The auditorium at Instituto Cervantes is packed with puppet fans and their puffy coats. Small spot lights circle round from the stage, momentarily blinding the audience. The stage is dimly rear lit with blue LEDs, further inhibiting the audience view. There is a platform center stage. Something is going to happen. We begin to see movement on stage – black shapes, then a small, white figure climbing what appear to be rocks. We see it is a fisherman as he carefully arranges his net, pulling, pulling, pulling. He picks up a rope and pulls in in, in, in – puffing with the hard labor. Eventually the prow of a skiff appears, and the small puppet pulls, and pulls, up, over the rocks to the pier where he clambers in. A bit more light comes up (likely, the gloaming of sunrise). We now see that the black objects on stage are performers, who, through the course of the hour will mostly be undulating water.
Chicago International Puppet Festival, Instituto Cervantes and PESCADOR Emphasize Reality
PESCADOR is homage to the difficult lives of men and women who daily embark in small boats into large water, fraught with perils, to fish. Five performers stage an arduous ballet in which they are the waves, the vortex, the bar, and the puppeteers for the fisherman, the boat, the net, the birds. There are no words, just perfect sounds of water created/captured by Sound Designer, Ricardo Pacheco.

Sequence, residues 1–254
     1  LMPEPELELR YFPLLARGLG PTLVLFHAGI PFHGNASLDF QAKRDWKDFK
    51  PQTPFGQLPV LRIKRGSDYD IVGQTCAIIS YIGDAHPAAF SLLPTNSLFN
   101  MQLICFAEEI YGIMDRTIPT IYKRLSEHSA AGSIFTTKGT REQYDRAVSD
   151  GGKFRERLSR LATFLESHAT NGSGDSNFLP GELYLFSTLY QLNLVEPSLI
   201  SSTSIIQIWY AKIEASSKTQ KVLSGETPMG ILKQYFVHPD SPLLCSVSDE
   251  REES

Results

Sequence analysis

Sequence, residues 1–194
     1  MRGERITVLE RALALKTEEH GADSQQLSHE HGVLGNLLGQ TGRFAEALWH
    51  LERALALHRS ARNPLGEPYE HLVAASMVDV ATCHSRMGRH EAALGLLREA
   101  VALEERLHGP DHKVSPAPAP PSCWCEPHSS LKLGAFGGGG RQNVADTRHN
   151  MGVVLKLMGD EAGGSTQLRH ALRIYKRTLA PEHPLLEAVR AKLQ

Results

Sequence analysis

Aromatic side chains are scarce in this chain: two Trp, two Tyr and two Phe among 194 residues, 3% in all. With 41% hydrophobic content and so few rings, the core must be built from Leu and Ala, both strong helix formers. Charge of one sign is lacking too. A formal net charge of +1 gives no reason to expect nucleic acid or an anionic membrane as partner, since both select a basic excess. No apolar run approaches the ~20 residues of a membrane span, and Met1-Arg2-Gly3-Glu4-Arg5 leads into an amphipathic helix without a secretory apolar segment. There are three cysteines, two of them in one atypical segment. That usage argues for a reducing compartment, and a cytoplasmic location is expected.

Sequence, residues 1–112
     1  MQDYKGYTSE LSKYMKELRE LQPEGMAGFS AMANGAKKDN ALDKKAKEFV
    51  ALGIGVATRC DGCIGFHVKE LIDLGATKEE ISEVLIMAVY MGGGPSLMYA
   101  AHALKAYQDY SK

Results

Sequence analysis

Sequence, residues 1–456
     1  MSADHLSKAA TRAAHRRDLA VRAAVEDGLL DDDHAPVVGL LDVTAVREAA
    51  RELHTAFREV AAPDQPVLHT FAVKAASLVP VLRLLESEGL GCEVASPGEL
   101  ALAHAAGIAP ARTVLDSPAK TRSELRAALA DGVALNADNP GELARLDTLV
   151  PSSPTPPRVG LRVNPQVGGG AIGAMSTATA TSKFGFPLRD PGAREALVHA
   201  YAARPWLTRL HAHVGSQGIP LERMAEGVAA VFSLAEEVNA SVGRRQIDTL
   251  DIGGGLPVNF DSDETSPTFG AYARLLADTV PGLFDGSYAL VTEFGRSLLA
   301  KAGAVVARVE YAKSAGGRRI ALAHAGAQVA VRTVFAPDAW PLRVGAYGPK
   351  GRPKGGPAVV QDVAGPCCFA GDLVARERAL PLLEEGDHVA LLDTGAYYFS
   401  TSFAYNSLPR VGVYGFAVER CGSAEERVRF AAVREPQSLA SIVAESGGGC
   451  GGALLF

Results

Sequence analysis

Like fishing, in this reviewer’s opinion, the sequences were long. Also, as often in fishing, there was no catch. But the execution was captivating and mesmerizing.
Directed and Conceived by Santiago Tobar
Creative Producer: Dominga Gutierrez
Performers: Rodolfo Armijo, Camila Perez, Consuelo Miranda, Marco Reyes, Camilo Yanez
Sound Design: Ricardo Pacheco
Lighting Design: Belen Abarza
For more information on upcoming Chicago International Puppet Festival performance read 2019 Chicago International Puppet Theater Festival PREVIEW
Photos courtesy of Chicago International Puppet Theater Festival 2019
Reviewer Ann Boland is committed to Chicago theater. Involved in the audience since the early 80’s, she’s witnessed firsthand the rise of our theater scene, our exceptional local talent, and the vigor of each new generation. Ann handles public relations for authors and works on programs to help seniors with neurological movement disorders. Please visit her website for more information.
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